Bones of Vivaron that Lessner took apart, cleaned, and are on hand in the paleontology lab, some kept in protective sleeves and plaster jackets as they are thin and incredibly fragile. The detailed cleaning process was as much a learning process as any part of Lessner's work with the lab. "When you look at anything so long, so close, you realize extra details and patterns you would not otherwise notice," she added.
Lessner said her undergraduate research experience has greatly enriched her college experience.
"It has given me opportunities that simply attending class never has and has opened up doors for my future. I have been able to gain first-hand experience in the field," said Lessner.
She has learned to write scientifically, met paleontologists from around the world, and participated in digs in Arizona, New Mexico, and Wyoming with both Stocker and Nesbitt. She has presented her findings to the Society of Vertebrate Paleontology; the Society for Integrative and Comparative Biology; the Southeastern Association of Vertebrate Paleontology; and will speak before the 2016 Society of Vertebrate Paleontology.
All this in addition to being published in a journal by the age 22.
She credits Nesbitt and Stocker for setting her undergraduate education on a new course. "They got here just as I was looking for them," Lessner said of her sophomore year looking for a new direction.
Nesbitt said he is "paying it forward" when working with undergraduate students in the paleontology lab, as he himself began his career as a paleontologist via independent undergraduate research projects at University of California Berkeley. "These experiences are what really made me understand what it is like to think as a scientist and how to take on complex scientific problems one step at a time," he said.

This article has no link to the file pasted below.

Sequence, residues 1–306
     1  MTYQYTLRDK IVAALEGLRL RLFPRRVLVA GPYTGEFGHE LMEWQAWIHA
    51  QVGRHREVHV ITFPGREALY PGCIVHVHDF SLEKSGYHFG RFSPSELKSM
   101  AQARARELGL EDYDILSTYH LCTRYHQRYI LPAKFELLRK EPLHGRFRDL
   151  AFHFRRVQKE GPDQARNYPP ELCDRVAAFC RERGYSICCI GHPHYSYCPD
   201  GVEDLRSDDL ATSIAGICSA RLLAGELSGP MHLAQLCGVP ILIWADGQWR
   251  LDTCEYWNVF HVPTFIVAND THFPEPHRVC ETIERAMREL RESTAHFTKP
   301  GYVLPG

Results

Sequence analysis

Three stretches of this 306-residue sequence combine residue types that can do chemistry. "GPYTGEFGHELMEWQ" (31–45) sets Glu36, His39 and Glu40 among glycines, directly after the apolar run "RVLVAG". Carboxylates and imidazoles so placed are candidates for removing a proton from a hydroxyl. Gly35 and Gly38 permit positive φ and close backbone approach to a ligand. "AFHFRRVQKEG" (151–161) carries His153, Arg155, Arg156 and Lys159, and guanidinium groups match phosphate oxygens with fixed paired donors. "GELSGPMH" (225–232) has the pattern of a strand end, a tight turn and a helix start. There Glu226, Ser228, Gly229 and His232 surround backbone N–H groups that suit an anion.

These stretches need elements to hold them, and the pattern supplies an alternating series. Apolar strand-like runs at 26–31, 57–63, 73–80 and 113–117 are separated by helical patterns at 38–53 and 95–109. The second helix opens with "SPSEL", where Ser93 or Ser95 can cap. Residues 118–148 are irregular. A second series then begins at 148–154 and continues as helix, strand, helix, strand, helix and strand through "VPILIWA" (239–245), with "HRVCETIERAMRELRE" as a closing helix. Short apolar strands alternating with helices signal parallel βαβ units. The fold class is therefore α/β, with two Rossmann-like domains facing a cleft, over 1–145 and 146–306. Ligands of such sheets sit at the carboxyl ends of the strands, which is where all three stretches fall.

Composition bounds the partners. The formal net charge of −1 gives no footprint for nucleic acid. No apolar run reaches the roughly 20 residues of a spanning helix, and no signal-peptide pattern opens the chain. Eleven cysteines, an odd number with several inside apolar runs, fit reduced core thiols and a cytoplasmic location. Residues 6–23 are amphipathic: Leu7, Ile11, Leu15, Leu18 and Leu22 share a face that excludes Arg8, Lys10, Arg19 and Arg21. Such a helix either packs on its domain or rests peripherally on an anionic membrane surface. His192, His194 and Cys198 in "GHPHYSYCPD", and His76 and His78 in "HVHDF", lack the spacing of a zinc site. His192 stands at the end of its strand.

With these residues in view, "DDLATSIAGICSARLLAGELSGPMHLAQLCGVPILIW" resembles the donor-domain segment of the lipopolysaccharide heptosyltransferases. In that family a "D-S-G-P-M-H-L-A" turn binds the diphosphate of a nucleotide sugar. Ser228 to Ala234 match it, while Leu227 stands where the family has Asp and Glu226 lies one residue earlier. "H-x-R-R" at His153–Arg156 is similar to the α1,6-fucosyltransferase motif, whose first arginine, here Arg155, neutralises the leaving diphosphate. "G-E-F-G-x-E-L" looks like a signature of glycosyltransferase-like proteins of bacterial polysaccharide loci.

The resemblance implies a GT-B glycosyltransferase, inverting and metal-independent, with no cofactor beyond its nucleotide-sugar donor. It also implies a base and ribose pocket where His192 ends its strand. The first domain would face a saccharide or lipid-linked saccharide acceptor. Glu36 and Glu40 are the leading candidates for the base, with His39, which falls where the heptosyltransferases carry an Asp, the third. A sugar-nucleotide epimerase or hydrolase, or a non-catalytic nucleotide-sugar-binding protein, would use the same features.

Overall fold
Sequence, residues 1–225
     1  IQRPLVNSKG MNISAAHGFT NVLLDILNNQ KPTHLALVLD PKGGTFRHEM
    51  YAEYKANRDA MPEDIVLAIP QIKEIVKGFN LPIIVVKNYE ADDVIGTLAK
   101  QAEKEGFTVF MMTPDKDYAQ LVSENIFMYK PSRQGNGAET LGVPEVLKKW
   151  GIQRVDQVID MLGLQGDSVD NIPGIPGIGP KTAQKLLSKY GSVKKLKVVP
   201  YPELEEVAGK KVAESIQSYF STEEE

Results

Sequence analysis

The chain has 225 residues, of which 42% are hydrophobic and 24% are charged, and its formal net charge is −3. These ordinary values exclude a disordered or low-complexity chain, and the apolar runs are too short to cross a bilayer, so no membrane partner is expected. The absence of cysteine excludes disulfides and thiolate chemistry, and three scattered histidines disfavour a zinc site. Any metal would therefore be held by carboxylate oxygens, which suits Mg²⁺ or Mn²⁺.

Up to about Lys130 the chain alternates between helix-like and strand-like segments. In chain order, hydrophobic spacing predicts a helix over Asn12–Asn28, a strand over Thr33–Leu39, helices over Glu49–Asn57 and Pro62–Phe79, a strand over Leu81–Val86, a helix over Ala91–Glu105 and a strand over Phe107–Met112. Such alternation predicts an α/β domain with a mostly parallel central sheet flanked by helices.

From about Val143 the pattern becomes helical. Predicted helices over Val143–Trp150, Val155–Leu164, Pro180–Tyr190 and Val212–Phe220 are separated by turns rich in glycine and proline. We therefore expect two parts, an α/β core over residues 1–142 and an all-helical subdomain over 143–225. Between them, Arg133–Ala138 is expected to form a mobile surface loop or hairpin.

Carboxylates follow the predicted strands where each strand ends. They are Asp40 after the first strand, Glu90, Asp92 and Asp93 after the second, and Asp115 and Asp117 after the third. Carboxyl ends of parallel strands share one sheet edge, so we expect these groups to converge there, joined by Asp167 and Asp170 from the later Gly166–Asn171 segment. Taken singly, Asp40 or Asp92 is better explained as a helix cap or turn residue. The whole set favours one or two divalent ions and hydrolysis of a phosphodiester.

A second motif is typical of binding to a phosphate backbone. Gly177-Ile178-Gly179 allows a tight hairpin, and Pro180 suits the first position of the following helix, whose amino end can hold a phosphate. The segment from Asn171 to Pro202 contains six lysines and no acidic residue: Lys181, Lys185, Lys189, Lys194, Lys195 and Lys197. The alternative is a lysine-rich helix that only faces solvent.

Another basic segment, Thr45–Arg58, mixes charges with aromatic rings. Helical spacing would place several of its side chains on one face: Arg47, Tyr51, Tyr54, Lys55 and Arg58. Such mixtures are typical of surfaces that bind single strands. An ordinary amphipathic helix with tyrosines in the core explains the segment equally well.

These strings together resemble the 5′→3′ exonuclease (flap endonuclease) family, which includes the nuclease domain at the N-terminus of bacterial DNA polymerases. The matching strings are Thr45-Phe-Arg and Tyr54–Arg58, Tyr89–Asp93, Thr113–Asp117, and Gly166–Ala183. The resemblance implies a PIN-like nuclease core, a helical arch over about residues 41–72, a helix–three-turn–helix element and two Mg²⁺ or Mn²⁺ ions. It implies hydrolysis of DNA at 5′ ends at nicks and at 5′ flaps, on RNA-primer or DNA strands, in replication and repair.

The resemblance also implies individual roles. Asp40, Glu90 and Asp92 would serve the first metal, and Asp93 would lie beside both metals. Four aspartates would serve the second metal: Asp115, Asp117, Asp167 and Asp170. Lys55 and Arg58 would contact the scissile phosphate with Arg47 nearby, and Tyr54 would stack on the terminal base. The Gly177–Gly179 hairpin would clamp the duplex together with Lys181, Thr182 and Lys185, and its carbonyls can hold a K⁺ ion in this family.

"Emily embodies a key characteristic all undergraduate researchers need, bravery,"said Nesbitt. "You constantly are in situations that you have never been in, from fieldwork in the middle of a desert to presenting research in front of 200 professionals."
Added Stocker: "Emily has become an important member of our research group. She's taken on an increasing amount of responsibility since she first started with us, and she's now a leader among our students. She's ready to tackle the next steps of her career."
Among her career plans, Lessner wants to enter a graduate program upon completion of her undergraduate degree and she wants to one day investigate the Triassic fossil quarries of her native southeastern Pennsylvania.
"There is something for everyone, whether it be within your major or outside it, as mine was," she said of the variety of research projects and methods across Virginia Tech. "Contact and even work with multiple people, especially if you are unsure of your interests; do not be afraid to reach out to professors. Find something you really like and it will turn into something meaningful."
Lessner's New Mexico fieldwork experience and research at Virginia Tech was supported by a National Science Foundation grant to a collaborative research team consisting of scientists from Virginia Tech, the University of Utah, Stony Brook University, and the Los Angeles County Museum of Natural History.
Additional resources are available at Virginia Tech News.